Im not interested in the emotions of a computer

Art and digital Modernism – a talk

Christoph Thun-Hohenstein and Eva Grubinger / photo: Christian Wind

If digital technology is radically changing the world, we need art as Utopia. It has to free us from the almighty power of algorithms and become the core of a new, humanist Modernism – thus the words of Christoph Thun- Hohenstein, General Director of the MAK Austrian Museum of Applied Arts / Contemporary Art, on this year’s VIENNA ART WEEK motto. Art – and here Thun-Hohenstein and artist Eva Grubinger are in complete agreement with each other in their conversation – plays an important role in the discourse on digital Modernism.

Christoph Thun-Hohenstein: New innovations crop up every day; we lost the overall perspective ages ago. Science always wants to achieve new breakthroughs; firms are interested in the success of their digital business models. However, it’s less clear where the overall picture of these developments is negotiated. Especially here I see great demands being made on the arts and art institutions to place these themes in the limelight. The development of digital technology isn’t a marginal but a crucial issue for our civilization.

Eva Grubinger: Artists have always grappled with technological developments and have come up with new technologies when they needed them for their works. Many themes that arrived in the mainstream had been anticipated in the arts. However, I get the impression that in the past more critical questions were posed. Initially the Internet seemed to many to be a space with enormous freedom potential, but it has lost this nimbus now. Technological progress harbors dangers that many people are not aware of. Every posting, every Google search trains artificial intelligence. In the near future the brain itself might become the hub of a constantly growing network. But I don’t want my brain to belong to someone else. In the 1970s we heard the cry “My body belongs to me!” Today the slogan is: “My brain belongs to me.” I see a challenge in this for artists to create new images for these processes.

Christoph Thun-Hohenstein: Artificial intelligence is only possible when machines are trained through our activity. The revolution came in 2007 with the introduction of the smartphone. It has turned us into permanent data suppliers. Many of us organize their whole life with the smartphone, both at work and during leisure time, which makes it possible to collect data on the majority of people. Based on the data we deliver, it’s possible to create targeted options for ourselves, to manipulate ourselves, even by way of politics. But people aren’t sufficiently aware of this. Social media are seen as a gratuitous option, while in fact they are the very opposite of this. We are paying a high price in the form of information and data that we disclose, and we get nothing in return. I’m not saying it’s all bad, but after the initial euphoria we are now realizing that the new technologies are in thrall to commerce. A new movement has to kick in so as to exploit the technologies for long-term, sustainable interests of mankind – keyword: ecological footprint. Algorithms are perfect for changing attitudes and promoting a quality-aware culture and quality growth instead of mass consumption. This isn’t a question of budget, but of awareness and the availability of more sustainable, affordable options. We can’t afford to do “business as usual” any longer, either in the arts, in industry, or in social politics. Science is already working on a super intelligence capable of overtaking us human beings and manipulating everything that is digitally controlled today. We have to be careful now already to avert total manipulation of our everyday life.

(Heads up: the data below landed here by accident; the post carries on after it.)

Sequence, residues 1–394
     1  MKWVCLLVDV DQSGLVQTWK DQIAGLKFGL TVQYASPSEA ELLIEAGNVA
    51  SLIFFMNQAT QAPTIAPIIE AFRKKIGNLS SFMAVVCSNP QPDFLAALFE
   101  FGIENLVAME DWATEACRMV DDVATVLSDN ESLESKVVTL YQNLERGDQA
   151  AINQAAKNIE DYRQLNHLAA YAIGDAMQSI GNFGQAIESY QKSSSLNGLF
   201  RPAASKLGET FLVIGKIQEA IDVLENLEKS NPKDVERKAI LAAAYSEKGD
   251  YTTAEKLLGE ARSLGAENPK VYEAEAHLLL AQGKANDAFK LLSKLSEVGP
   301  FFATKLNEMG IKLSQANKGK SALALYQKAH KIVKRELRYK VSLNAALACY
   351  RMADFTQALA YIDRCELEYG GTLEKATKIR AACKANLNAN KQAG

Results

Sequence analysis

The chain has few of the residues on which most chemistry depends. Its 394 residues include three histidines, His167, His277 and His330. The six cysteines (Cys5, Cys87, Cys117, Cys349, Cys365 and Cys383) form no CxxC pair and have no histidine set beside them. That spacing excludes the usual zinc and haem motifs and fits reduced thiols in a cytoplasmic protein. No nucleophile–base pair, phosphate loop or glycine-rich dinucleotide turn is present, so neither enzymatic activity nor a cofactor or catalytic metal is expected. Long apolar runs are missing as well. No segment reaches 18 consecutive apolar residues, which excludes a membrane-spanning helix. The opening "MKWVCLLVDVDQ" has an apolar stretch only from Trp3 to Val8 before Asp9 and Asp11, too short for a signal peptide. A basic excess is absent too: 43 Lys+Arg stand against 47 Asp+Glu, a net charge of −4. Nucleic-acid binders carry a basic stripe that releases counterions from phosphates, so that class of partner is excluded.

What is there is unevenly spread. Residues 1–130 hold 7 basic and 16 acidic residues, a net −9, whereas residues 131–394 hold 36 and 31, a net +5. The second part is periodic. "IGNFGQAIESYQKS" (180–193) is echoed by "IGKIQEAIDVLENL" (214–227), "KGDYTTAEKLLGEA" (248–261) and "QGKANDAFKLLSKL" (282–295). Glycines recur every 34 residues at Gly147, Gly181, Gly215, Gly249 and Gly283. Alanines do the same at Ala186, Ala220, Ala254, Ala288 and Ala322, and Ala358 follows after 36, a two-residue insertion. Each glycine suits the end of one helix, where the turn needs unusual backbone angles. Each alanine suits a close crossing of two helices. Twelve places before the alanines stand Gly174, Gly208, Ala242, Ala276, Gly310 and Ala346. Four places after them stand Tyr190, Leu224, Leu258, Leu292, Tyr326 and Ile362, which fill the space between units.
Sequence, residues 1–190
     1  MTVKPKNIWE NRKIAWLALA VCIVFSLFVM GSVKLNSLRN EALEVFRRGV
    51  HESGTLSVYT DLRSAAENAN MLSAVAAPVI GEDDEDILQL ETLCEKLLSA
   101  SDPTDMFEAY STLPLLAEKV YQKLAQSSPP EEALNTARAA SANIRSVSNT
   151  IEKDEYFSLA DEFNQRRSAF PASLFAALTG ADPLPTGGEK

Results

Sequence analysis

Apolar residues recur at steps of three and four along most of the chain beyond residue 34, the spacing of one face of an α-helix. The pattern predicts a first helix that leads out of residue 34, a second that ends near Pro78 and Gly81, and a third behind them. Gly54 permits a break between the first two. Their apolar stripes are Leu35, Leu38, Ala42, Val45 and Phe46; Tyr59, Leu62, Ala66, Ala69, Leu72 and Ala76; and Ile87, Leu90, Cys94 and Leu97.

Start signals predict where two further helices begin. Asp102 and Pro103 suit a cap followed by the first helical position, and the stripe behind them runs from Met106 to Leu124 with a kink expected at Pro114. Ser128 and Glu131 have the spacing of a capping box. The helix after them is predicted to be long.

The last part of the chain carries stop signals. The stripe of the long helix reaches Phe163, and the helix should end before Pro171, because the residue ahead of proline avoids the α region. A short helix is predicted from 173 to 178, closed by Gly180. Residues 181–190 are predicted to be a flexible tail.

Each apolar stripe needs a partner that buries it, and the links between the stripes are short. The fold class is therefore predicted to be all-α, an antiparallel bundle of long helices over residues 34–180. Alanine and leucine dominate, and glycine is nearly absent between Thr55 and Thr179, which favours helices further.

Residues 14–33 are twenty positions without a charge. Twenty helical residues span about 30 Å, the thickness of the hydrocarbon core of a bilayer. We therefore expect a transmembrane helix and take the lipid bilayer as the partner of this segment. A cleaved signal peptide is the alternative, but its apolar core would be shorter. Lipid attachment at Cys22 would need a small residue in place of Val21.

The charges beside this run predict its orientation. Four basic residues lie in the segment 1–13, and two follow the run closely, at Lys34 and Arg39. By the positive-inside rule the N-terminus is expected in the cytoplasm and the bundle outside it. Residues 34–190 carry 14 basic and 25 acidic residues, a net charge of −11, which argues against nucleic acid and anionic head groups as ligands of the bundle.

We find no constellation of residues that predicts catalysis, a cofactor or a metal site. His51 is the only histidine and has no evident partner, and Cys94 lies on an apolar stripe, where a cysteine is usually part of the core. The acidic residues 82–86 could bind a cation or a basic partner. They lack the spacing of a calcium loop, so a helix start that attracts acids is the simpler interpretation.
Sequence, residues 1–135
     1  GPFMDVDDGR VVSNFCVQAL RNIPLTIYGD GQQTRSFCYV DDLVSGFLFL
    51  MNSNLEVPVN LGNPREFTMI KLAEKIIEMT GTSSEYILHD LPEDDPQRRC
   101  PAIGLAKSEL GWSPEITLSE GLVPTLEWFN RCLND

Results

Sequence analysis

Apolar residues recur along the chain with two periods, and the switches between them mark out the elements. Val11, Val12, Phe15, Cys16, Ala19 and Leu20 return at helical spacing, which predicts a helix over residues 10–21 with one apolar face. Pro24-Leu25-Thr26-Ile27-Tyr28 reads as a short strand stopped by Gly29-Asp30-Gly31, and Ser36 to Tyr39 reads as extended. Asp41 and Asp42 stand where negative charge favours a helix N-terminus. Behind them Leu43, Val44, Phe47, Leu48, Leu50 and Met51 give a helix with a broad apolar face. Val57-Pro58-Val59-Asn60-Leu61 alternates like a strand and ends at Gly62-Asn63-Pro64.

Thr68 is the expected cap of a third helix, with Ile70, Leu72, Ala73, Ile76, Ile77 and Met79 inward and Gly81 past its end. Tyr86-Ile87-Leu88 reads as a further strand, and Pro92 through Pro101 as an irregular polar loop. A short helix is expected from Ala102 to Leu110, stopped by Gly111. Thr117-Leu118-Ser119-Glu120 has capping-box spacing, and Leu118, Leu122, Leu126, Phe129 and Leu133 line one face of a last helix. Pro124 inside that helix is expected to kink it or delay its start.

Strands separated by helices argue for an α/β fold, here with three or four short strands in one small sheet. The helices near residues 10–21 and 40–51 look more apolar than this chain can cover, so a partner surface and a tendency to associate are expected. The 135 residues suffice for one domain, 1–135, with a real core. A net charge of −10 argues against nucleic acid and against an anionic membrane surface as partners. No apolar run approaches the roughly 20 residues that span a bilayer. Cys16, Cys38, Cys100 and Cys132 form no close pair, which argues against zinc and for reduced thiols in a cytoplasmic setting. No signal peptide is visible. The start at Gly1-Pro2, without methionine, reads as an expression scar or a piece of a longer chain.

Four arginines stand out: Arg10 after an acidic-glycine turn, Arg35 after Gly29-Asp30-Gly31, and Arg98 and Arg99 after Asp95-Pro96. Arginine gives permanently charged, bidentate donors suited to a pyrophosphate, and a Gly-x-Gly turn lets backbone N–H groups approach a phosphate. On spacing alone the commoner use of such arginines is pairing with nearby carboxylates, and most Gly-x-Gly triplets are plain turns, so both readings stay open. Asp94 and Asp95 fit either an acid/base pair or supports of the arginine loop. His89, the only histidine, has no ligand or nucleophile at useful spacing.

Eva Grubinger: But we’re right on track for this to happen! We don’t have to wait until a super intelligence comes, the danger is already here, even if the advantages seem to outweigh the disadvantages, as is claimed for instance in medical applications. If we place the access to loads of information on the same level as intelligence, we’re on the wrong track. The idea of intelligence is to learn something, develop something. It’s often claimed that artificial intelligence would relieve us of this very aspect and so bequeath us more time for the good things in life. But the acquisition of knowledge, work, feelings, new experiences with one another … all of this is the very secret of a good life. I don’t want a computer that has emotions; I’m not interested in the slightest in the emotions of a computer.

Text by Silvie Aigner:

Silvie Aigner studied art history at the University of Vienna, with postgraduate studies in cultural management at the Danube University Krems and a doctorate from the Art History Department at the University of Applied Arts Vienna. She currently works as an author and curator of international and Austrian museums and collections, mainly in the field of contemporary art. Aigner has been editor-in-chief of the art magazine “PARNASS” (www.parnass.at) since May 2014.


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